Linksys wrt160n validating

I am withholding the full URL for now until I can figure out if there is a patch or if this is a public/known exploit. I hope that password mentioned isn't another case of hard-coded credentials to debug stuff on the router.The port appears to change but is always The binary also includes a couple of images (thanks Peter for pointing that out). The initial HNAP technique is described here: it looks like they snag the credentials in the initial attempt and then post back with those credentials on the second request causing the second stage to be executed. https://edu/forums/diary/Suspected Mass Exploit Against Linksys E1000 E1200 Routers/17621/1#29684 I believe the second stage is using a technique described in a blog post by one of my co-workers back in March of 2013... Short summary: - all useragents match your list - oldest hit was in August 2013 (previous hits in July didn't use the "admin" password) - Linksys models involved in the scanning include not only E1000 and E1200, but also E1500, E2500, E3200 and E4200 (full list with firmware versions Cmd line injection vulnerability seems to go back a long ways.It shows up in the logs as the "\x80w\x01\x03\x01" string in apache web logs. $HOME_NET $HTTP_PORTS (msg:"SERVER-WEBAPP HNAP admin brute force login attempt"; flow:established,to_server; content:"GET|20 2f|HNAP1|2f 20|HTTP|2f|1.1|0d 0a|"; fast_pattern:only; content:"Authorization|3a 20|Basic YWRta W46"; http_header;metadata:policy balanced-ips drop, policy security-ips drop, ruleset community, service http;reference:url, classtype:bad-unknown; sid:10000112; rev:2;)@claudijd Not the same thing; the password is included in the initial HNAP request and it seems to be randomly generated with each request (i.e.

It looks like random passwords are used, but they don't really matter (one reason I withheld the name of the cgi for now)@claudijd Not the same thing; the password is included in the initial HNAP request and it seems to be randomly generated with each request (i.e.

Yeah I realized they were using a mechanism to bypass proper authentication this time around.

epi_ttcp is being called by the usr/sbin/httpd without checking/validating the parameters being passed.

"epi_ttcp -tsufm -l %s -n %s %s &", ttcp_size, ttcp_num, ttcp_ip So its a similar issue as what was disclosed in May 2013, but instead of exploiting a problem with the ping test part of the code its in the ttcp section in Start_epi function inside httpd.

One important update: This affects other Linksys routers as well. The user agent is randomised; we can see how quickly (actually not that fast) it scanned through a small range of IPs here: 75.69.x.x - admin [13/Feb/ 0000] "GET /HNAP1/ HTTP/1.1" 301 185 " "Opera/9.60 (Windows NT 5.1; U; de) Presto/2.1.1" 75.69.x.x - admin [13/Feb/ 0000] "GET /HNAP1/ HTTP/1.1" 404 247 " "Mozilla/5.0 (Macintosh; U; PPC Mac OS X Mach-O; en-US; rv:1.0.1) Gecko/20030306 Camino/0.7" 75.69.x.x - admin [13/Feb/ 0000] "GET /HNAP1/ HTTP/1.1" 301 185 " "Opera/6.x (Linux 2.4.8-26mdk i686; U) [en]" 75.69.x.x - admin [13/Feb/ 0000] "GET /HNAP1/ HTTP/1.1" 404 247 " "Mozilla/5.0 (Macintosh; U; PPC Mac OS X; en-us) Apple Web Kit/xxx.x (KHTML like Gecko) Safari/12x.x" I wonder if the port for stage2 is always 193?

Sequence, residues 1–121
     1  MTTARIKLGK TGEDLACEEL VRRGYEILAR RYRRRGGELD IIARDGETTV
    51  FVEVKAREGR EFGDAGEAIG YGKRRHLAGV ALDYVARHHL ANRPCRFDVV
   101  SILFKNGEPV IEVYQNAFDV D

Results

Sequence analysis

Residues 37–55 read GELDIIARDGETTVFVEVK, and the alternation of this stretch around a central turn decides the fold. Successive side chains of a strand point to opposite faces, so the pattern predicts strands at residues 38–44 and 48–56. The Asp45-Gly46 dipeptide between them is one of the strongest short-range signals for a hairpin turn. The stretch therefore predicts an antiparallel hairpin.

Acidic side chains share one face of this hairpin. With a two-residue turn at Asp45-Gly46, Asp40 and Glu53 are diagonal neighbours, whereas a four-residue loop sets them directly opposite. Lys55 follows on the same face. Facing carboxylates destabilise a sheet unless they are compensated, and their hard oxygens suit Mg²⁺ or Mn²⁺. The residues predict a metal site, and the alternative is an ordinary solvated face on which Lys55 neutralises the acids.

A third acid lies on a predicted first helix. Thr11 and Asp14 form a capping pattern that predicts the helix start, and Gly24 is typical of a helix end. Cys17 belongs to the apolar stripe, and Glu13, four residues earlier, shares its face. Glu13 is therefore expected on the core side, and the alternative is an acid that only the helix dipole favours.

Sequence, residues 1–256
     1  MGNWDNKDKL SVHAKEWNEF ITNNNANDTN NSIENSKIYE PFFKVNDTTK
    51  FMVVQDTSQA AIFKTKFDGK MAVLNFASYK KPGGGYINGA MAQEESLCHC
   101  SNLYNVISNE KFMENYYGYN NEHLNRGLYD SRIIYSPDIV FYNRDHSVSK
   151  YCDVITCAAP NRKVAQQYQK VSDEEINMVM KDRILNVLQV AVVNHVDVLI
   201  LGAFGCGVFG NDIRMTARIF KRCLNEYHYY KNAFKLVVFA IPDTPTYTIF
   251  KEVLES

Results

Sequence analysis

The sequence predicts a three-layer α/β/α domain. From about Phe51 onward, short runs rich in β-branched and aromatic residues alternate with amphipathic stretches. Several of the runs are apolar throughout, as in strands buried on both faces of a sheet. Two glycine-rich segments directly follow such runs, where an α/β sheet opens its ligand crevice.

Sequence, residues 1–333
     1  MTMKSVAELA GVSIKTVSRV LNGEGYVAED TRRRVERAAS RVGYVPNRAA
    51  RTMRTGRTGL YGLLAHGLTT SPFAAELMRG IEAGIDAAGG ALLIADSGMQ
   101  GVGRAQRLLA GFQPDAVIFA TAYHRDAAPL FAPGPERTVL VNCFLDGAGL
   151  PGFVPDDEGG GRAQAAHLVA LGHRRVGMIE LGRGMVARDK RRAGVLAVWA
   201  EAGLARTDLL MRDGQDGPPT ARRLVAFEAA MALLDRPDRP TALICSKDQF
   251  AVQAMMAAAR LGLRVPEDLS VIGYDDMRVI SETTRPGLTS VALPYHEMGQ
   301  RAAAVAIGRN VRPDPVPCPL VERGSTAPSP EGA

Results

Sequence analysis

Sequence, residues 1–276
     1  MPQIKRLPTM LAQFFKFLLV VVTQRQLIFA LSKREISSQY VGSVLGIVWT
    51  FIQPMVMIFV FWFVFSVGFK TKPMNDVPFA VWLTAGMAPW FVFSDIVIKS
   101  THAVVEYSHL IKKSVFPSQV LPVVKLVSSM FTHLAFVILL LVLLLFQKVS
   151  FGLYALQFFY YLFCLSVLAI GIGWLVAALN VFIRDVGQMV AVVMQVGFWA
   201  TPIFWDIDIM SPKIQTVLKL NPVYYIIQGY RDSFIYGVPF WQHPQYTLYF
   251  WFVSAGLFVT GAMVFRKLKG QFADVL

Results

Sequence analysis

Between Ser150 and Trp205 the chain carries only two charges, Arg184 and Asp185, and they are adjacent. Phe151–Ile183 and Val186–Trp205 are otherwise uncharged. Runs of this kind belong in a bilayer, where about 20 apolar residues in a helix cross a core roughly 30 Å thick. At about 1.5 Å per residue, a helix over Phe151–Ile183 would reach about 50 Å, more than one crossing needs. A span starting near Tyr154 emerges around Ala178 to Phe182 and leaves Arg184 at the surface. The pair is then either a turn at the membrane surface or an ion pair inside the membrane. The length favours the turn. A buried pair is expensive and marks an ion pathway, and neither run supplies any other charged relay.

For example, we do have some routers conecting to the honeypot that identify themselves as E2500 (Firmware 1.0.03 build 4) Finally our honeypot did capture something that looks like it is responsible for the scanning activity we see: The initial request, as discussed earlier, is: POST /[withheld]HTTP/1.1 Host: [ip of honeypot]:8080 User-Agent: Mozilla/4.0 (compatible; MSIE 4.01; Mac_Power PC) Accept: text/html,application/xhtml xml,application/xml;q=0.9,*/*;q=0.8 Accept-Language: en-US,en;q=0.5 Accept-Encoding: gzip, deflate Referer: of honeypot]:8080/ Authorization: Basic YWRta W46Jmkx Kk BVJDZ4dm NH So it looks like it will try to download a "second stage" from port 193 from the attacking router. L26" file appears to be a lock file to prevent multiple exploitation. From once source I get Connection Refused, from another I get Connection Timed Out although both their port 80's are still reachable.I searched and searched for things I could try to fix it, but what few answers I found either didn't work or assumed too high a level of networking knowledge.I've had other faulty or missing behavior with some other Bonjour-related services like Screen Sharing, too, and I'm about to the point of just shelling out for an Airport Extreme.The list of wireless keyboards above are the units the WD TV Live HD Media and WD TV Live Plus player were tested with, and has been provided by customer request. The WD TV Live HD Media player and WD TV Live Plus should work with most wireless keyboards.Years ago, Air Print worked in my house on my current printer.But before I do that, I ask you wonderful people: Is there anything I can try that doesn't require me to get a degree in networking to understand?

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